Parker, who had met Davis at the Pac-12 media day in his hometown of Los Angeles in July, simply nodded. Then he went out and backed up the props. On Boise State’s first drive, after the Broncos had momentum by advancing to UW’s 40, Parker zoomed over to intercept a deep pass at the sideline. It thwarted pretty much the only momentum the visitors had all night. He finished with five tackles while leading a Huskies defense that held then-No. 19 Boise State to just two field goals. UW’s 38-6 win was the worst loss of the Chris Petersen coaching era at Boise State. It was the fewest points Boise had scored since 1997.
The buffo opener was the third game Rosslyn, an optometrist at Kaiser Permanente hospital in Gardena, Calif., had seen her son play for UW in Seattle. He last lived with her when he was a national high-school star at Los Angeles’ Narbonne High School.
He was a USA Today second-team high school All-American then. Michigan wanted him. So did Notre Dame, California and hometown USC. He fielded 29 major-college scholarship offers in all.
Parker came on his official visit to UW in late January of 2010, weeks before signing day. His roommate that weekend was Keith Price.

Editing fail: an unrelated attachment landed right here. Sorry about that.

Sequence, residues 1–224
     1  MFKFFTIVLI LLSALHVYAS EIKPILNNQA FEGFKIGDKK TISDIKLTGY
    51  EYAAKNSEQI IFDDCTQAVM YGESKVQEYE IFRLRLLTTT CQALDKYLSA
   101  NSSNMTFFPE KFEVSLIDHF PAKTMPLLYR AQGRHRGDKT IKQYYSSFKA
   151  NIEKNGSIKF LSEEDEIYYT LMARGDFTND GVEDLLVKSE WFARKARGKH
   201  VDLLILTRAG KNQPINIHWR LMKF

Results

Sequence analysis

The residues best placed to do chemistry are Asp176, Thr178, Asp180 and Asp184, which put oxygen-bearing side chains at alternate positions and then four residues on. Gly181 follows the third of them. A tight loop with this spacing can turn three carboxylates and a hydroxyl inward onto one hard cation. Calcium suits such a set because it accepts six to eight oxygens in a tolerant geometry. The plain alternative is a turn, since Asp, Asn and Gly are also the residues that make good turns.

“I remember it like it was yesterday,” Parker says.
The Huskies’ quarterback was obviously a great host. On decision day, Parker lined up the caps of USC, of Michigan and of Washington on a table inside Narbonne High. He then stunned many of his friends and those watching on national TV by choosing the Huskies.
When he arrived at UW in the summer of 2010 Sarkisian had immediate, high expectations for him. Parker played the first nine games as the fifth, nickel back. The freshman intercepted a pass in the end zone in a double-overtime win over Oregon State at old Husky Stadium on Oct. 16, 2010.
|Parker realizes he’s the senior to whom not only the secondary but the entire, growing defense looks to for direction.
He then got a stinger nerve injury in his neck and shoulders. That cost him the final four games of that debut season.
“That can be tough for a guy who is such a high-profile recruit and all that. But he continued to work hard and has gotten better every single year,” Sarkisian said.
Once he emerged from Sarkisian’s Dawg house for whacking teammates in the summer of 2011, Parker started all 13 games of that sophomore season at safety. He had 15 tackles in the video-game-like Alamo Bowl against Robert Griffin III and 12th-ranked Baylor. It is still Parker’s career high.